< class="heading12boldGeorgia">Army chief’s India visit

India-Bangladesh military-to-military cooperation got a major boost this week with Army chief, Gen Iqbal Karim Bhuiyan’s visit to India Gen. Bhuiyan in his five-day visit was accompanied by General Officer Commanding (GOC) of 33 Infantry Division and director (personal services) of the Army Headquarters.

During his visit Gen Bhuiyan was accorded a warm welcome by the Indian army officers. He also held meetings with top leadership of India’s security establishment including Defence Minister A K Antony, National Security Advisor Shivshankar Menon, Indian Air Force chief Air Chief Marshal N A K Browne, Army chief General Bikram Singh and Navy Chief Admiral D.K. Joshi and General Officer Commanding-In-Chief of the Eastern Command Lt Gen Dalbir Singh.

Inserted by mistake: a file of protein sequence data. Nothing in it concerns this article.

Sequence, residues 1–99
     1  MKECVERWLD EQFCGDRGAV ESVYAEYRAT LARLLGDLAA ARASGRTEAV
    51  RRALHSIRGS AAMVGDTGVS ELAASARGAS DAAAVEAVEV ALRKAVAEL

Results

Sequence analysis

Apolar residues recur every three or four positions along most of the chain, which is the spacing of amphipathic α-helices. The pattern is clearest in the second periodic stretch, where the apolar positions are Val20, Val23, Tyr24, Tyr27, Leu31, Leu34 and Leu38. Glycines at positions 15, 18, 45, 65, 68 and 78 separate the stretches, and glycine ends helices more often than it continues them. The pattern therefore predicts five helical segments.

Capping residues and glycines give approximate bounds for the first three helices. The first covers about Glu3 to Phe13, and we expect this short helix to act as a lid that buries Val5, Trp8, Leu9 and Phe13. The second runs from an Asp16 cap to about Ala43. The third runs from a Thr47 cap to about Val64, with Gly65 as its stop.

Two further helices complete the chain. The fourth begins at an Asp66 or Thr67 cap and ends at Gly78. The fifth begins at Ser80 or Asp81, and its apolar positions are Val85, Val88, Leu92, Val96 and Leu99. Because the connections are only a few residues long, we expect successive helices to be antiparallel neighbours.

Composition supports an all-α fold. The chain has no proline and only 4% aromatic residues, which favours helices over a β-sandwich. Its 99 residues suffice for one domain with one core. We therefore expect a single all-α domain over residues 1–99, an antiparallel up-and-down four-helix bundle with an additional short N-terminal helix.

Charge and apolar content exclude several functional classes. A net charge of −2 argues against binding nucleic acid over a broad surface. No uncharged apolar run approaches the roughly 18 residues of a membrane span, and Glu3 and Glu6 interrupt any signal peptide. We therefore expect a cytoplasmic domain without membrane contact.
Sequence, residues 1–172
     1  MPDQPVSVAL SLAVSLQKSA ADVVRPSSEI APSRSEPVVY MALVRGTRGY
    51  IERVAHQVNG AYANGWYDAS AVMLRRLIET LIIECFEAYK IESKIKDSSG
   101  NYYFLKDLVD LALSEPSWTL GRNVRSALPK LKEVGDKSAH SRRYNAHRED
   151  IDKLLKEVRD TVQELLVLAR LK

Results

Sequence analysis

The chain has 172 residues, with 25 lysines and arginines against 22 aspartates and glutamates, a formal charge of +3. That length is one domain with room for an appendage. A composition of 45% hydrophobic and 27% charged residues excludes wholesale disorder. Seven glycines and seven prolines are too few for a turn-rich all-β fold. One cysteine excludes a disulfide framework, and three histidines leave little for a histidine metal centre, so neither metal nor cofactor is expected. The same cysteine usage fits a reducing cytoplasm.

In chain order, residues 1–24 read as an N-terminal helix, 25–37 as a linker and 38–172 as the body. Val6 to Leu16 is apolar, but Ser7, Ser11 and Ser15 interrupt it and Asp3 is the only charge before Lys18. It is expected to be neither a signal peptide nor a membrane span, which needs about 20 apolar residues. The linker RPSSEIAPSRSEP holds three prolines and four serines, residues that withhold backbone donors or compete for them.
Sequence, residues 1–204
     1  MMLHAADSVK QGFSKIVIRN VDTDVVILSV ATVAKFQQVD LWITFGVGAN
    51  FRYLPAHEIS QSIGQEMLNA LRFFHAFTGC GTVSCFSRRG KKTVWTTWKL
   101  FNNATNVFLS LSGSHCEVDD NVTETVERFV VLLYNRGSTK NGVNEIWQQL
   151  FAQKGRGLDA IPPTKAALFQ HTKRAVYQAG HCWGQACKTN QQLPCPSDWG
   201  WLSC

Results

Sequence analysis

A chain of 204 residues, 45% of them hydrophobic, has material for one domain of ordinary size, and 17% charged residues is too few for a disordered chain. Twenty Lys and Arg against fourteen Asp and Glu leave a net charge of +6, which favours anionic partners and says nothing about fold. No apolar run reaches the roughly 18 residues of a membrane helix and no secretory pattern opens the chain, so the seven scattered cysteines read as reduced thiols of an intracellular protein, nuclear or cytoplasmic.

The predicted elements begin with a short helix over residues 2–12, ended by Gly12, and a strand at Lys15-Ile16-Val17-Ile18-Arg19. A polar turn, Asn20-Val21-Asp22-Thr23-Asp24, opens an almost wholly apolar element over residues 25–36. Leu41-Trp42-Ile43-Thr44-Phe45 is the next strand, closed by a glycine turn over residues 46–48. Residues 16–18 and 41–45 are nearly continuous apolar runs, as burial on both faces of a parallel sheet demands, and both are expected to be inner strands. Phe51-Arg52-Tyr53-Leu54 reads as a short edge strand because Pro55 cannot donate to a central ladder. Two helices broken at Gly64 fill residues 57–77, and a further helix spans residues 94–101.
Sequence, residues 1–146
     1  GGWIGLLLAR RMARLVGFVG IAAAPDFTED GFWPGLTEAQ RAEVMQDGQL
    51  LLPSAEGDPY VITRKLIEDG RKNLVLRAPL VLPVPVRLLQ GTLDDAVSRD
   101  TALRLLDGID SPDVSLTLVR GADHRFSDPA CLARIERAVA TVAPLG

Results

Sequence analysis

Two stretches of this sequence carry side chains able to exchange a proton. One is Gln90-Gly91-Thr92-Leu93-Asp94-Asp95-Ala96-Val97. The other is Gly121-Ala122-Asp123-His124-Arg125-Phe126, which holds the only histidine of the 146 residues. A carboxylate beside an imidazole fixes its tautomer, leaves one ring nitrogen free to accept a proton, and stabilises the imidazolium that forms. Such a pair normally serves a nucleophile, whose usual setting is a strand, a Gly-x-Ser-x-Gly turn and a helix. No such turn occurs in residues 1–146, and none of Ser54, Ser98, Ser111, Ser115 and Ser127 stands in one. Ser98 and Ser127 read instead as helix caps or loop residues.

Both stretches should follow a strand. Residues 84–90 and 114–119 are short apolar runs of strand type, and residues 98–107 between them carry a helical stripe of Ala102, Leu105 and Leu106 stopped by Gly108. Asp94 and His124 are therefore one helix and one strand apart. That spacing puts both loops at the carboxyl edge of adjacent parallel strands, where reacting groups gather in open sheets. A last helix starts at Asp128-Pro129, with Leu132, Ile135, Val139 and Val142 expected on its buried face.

The visit of Gen Bhuiyan is significant as it highlights the improving military cooperation between the two countries in accord with India’s growing political and economic relationships with Bangladesh. This visit has further cemented the defence relationship between the two countries and added impetus to ongoing defence cooperation.

< class="text11verdana">Source: The Independent, April 1, 2013; Times of India, April 4, 2013

< class="heading12boldGeorgia">Zero-tolerance to defaming Islam

Prime Minister Sheikh Hasina has categorically said that that her government is firm on taking action against those who will defame Prophet Hazrat Muhammad (pbuh). Prime Minister said her government would not tolerate any derogatory remark against the Prophet (pbuh) any religion, including Islam. She warmed that stern actions will be taken against those defaming the Prophet (pbuh) and various religions, including Islam.

The Prime Minister’s remarks followed after the country witnessed large scale campaign by various religious organisations to paint the present Awami League government as anti Islamic. This action has been seen as an effort by the government to win confidence of the religious organisations.